Temperament Corner

A PEARL OF GREAT VALUE CHOLERIC IN INCLUSION

Matthew 13:45-46 (NIV) tells us: “Again, the kingdom of heaven is like unto a merchant looking for fine pearls. When he found one of great value, he went away and sold everything he had and bought it.”

God sees each of us as a pearl of great value. He paid dearly for us with His Son, Jesus! We are more valuable and precious to Him than we can ever imagine!

As counselors, people come to you hurting and broken; they tend to feel that they have no value, that they are invisible, hidden, overlooked, and that nobody cares.

Can you, as a counselor, see them as a pearl of great value, as God does?

PearlQuestion: “Why is a pearl so valuable?”

The answer is: “For a pearl to have great value, the pearl must go through a tremendous amount of irritation; and during the process, it becomes refined and beautiful.”

Some pearls have more irritations than others, just as some people have more irritations than others.

The people that come to you are going through irritations—emotionally, physically and or spiritually.

Many times when your counselees are going through their hurts, pains, and suffering, they tend to feel that there is no hope.

You, as a temperament counselor, have a calling on your life—to help God’s hurting people.

You are there to give them HOPE – Jesus!

Dr. Phyllis J. Arno
Dr. Phyllis J. Arno

God wants you to see each person that comes to you as a “pearl of great value.”

With the APS profile, God has given us insight into how He created us with our strengths, weaknesses, and needs—an inside look at His pearls of great value.

Since you too have gone through a refining process with your hurts and suffering and pain, you can use what you have gone through to help and encourage your counselees.

We are going to look at the Choleric in Inclusion to see what may be irritating and causing them pain and stress in this area:

Inability to fulfill their temperament need for controlling social relationships because, as leaders in the Inclusion area, they tend not to want others to reject their leadership decisions. This can cause them stress because of their need to receive recognition and approval for their accomplishments, not rejection. They need to look to the Lord for His recognition and approval; He will never reject them.

See Galatians 1:10: (KJV) “For do I now persuade men, or God? Or do I seek to please men? For if I yet pleased men, I should not be the servant of Christ.” “Thou will keep him in perfect peace, whose mind is stayed on thee.” Isaiah 26:3)

  1. Need for perfection from themselves and others. This can cause them stress because of their high goals or expectations. At times, they may feel that their needs for perfection cannot be met because of the imperfection of others, and they can become intolerant, impatient, angry and frustrated. They need to learn to allow themselves, as well as others, to be imperfect, for only God is perfect. They must also learn to forgive and stop being angry at themselves for their imperfection as God understands our weaknesses and, as we submit them to Him, He will do the perfecting.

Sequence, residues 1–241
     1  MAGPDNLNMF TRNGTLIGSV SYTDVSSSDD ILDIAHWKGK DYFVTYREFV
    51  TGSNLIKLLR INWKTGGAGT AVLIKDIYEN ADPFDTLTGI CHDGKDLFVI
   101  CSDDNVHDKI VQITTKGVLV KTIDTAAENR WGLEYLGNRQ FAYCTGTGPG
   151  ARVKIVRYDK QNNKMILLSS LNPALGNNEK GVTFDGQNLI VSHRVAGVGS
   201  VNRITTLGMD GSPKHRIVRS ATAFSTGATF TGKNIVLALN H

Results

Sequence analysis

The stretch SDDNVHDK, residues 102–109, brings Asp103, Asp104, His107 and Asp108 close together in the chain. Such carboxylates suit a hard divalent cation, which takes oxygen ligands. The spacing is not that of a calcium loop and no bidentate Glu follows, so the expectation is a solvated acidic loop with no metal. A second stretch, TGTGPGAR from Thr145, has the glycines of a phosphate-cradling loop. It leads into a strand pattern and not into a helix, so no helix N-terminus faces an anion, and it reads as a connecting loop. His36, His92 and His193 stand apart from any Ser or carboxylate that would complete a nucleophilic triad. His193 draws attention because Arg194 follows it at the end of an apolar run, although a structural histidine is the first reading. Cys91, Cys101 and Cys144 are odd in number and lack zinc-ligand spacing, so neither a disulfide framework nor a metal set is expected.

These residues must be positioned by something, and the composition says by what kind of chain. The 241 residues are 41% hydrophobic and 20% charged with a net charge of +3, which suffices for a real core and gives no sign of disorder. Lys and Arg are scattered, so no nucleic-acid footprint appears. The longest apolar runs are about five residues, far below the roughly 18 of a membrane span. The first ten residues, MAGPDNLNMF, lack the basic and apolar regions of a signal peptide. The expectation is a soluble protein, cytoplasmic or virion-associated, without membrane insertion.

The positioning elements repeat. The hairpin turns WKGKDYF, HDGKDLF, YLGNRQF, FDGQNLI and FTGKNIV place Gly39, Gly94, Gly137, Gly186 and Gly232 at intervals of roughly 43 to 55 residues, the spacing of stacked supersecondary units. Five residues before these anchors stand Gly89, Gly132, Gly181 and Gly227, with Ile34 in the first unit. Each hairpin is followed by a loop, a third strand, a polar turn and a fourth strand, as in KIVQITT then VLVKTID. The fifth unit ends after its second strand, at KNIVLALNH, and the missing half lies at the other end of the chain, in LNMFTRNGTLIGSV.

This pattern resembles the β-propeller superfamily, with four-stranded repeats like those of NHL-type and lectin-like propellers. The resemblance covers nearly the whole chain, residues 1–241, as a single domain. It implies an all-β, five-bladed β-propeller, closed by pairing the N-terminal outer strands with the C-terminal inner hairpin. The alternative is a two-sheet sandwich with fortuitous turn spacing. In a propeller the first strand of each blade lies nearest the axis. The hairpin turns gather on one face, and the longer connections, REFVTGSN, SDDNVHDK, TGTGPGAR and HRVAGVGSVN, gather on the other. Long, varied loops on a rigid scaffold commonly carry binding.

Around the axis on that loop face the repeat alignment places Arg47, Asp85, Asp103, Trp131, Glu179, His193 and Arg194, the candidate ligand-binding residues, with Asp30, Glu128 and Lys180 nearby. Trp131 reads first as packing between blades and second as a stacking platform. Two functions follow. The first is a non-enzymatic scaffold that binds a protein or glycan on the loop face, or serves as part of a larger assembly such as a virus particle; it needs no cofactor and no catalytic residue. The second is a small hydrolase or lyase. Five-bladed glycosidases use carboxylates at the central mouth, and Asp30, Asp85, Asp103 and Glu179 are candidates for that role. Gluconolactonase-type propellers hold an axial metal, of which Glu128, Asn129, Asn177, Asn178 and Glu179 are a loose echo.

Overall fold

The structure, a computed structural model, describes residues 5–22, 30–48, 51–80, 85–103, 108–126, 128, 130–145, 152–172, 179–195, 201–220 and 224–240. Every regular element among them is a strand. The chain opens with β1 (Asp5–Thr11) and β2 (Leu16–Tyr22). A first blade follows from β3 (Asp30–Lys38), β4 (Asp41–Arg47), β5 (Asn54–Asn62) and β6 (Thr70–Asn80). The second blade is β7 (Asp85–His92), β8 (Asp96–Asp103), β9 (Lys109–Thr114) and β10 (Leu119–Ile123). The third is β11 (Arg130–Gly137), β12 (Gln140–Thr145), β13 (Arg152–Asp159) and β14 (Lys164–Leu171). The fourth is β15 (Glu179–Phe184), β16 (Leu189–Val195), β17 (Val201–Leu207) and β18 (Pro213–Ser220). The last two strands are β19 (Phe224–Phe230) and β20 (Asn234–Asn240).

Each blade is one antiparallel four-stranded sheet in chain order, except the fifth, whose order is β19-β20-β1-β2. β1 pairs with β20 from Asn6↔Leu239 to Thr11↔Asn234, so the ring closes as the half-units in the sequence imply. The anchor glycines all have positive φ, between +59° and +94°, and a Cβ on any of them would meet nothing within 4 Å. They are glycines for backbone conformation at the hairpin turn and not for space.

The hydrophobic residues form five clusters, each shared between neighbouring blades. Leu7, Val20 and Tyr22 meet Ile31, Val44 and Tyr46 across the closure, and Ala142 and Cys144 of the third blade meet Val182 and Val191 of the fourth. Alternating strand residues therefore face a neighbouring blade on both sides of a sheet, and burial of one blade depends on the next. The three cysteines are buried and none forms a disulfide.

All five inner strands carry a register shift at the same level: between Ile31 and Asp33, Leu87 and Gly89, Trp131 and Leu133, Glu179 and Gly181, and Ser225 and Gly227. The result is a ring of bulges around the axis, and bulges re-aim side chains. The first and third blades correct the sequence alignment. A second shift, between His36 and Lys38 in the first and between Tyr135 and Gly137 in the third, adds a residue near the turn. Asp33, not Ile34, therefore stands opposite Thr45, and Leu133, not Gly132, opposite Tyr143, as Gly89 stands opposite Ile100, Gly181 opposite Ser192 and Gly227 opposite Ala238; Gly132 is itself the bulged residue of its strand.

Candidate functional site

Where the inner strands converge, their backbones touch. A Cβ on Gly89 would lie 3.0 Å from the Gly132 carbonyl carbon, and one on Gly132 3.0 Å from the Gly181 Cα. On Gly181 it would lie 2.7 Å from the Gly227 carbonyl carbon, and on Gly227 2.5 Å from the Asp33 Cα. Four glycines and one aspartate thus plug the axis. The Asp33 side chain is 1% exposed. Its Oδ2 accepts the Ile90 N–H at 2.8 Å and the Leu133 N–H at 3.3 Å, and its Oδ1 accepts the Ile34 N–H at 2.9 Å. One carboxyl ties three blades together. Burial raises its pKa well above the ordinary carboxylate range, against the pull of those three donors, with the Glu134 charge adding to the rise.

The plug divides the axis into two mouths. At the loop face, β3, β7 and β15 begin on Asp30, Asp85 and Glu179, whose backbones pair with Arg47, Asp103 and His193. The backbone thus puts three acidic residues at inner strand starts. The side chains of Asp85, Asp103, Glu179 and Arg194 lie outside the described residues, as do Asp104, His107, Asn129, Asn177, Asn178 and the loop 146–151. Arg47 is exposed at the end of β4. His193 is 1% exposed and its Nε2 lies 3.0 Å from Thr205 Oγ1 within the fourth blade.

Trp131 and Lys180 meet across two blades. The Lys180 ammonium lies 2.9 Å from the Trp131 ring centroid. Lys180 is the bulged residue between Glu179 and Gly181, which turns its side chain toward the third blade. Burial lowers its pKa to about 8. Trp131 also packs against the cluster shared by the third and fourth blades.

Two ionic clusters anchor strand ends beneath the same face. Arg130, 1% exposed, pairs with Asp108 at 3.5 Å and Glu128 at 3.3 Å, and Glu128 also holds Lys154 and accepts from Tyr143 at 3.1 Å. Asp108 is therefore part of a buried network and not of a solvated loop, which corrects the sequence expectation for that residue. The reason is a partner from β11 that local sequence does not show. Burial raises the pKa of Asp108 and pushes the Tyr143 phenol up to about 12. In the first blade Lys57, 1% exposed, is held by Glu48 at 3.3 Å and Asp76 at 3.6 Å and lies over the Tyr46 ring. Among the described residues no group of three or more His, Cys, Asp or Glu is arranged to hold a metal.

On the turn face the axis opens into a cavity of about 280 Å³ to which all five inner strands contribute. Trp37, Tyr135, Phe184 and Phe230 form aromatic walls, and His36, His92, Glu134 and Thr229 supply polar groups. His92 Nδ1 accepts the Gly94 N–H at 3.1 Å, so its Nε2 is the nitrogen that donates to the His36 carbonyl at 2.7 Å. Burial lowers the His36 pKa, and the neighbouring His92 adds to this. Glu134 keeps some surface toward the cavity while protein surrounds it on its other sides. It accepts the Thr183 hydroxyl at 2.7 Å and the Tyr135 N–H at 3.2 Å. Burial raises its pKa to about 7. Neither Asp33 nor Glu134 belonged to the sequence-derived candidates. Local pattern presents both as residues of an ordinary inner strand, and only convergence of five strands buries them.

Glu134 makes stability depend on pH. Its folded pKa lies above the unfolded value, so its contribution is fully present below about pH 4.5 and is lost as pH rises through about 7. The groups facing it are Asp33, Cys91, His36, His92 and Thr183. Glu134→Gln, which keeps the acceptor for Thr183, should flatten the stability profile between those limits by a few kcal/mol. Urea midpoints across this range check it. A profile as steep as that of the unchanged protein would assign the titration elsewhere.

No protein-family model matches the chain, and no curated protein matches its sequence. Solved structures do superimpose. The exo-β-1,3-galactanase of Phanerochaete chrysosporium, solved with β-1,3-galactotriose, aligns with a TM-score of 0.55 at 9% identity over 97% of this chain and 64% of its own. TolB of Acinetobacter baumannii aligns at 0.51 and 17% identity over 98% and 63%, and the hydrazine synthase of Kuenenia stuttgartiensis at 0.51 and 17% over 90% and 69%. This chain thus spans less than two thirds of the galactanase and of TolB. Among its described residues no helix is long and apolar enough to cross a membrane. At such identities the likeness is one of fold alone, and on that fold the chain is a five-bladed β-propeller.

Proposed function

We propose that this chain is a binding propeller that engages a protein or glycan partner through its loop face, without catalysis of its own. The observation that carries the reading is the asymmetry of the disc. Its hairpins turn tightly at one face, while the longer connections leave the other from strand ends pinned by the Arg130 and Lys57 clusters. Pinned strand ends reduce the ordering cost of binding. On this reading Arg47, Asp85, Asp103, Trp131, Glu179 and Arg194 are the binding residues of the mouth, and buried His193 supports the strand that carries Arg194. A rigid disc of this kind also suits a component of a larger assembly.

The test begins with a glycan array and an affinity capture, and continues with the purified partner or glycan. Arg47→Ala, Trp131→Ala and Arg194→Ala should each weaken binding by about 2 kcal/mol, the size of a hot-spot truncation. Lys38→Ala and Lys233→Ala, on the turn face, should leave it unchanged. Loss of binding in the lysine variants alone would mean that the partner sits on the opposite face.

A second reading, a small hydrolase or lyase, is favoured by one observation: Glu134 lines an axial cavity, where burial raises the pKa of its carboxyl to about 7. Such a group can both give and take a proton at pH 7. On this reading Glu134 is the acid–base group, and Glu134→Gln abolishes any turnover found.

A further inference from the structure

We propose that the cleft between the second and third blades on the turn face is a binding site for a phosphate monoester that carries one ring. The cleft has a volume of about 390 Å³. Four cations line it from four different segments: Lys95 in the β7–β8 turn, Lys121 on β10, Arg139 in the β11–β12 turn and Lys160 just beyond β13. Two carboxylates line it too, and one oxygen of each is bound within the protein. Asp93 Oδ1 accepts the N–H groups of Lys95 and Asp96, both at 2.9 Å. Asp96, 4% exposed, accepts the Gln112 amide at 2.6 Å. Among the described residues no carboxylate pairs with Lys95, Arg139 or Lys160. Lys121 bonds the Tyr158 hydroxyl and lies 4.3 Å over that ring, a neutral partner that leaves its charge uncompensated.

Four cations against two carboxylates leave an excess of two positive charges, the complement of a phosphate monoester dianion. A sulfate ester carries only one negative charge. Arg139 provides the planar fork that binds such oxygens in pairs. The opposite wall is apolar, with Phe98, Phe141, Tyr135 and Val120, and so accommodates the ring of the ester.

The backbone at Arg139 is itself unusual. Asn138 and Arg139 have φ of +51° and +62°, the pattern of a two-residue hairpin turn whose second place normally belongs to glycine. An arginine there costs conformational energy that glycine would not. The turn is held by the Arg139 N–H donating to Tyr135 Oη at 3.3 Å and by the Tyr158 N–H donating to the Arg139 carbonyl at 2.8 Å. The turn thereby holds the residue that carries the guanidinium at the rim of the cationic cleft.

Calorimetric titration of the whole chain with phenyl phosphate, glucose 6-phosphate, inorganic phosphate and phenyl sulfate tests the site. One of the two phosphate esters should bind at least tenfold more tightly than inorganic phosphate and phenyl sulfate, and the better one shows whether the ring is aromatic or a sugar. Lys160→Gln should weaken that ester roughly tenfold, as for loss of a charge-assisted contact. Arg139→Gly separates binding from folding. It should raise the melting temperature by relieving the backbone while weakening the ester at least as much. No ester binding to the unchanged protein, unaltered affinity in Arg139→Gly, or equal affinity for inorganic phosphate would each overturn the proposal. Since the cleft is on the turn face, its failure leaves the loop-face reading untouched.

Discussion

See Zechariah 4:6b: (KJV) “…Not by might, nor by power, but by my spirit, saith the Lord of hosts.”

  2. Inability to say “no” when asked to take on multiple leadership positions in this area. This can cause them stress, irritability and eventually even burnout because they may overload and spread themselves too thin. They need to learn to seek God’s will and let Him direct their steps in order to alleviate their stress.

    See Isaiah 58:1la (KJV) “And the Lord shall guide thee continually….”Also see Proverbs 3:5-6.)

  3. The uncertainty of who they really are at any given time. This will cause them stress because they can wear so many different “masks,” (whatever it takes to accomplish their goals) that, at times, they are uncertain which mask they are wearing. Since they are not sure of who they really are at times, the may feel like imposters and may fear others will think they are imposters too. They need to learn that God always knows who they are and, when they are “riding” that emotional roller coaster, God will smooth things out for them—if they ask Him to.

See Psalm 13:1-2: (KJV) “O Lord, thou hast searched me, and known me. Thou knowest my downsitting and mine uprising, thou understandest my thought afar off.”

PLEASE NOTE: These are temperament tendencies, and, as always, while you are counseling the Choleric in Inclusion you must take into consideration their walk with the Lord, learned behavior, personality and birth order.

In the next issue, we will look at the Pearl of Great Value—Melancholy in Inclusion.

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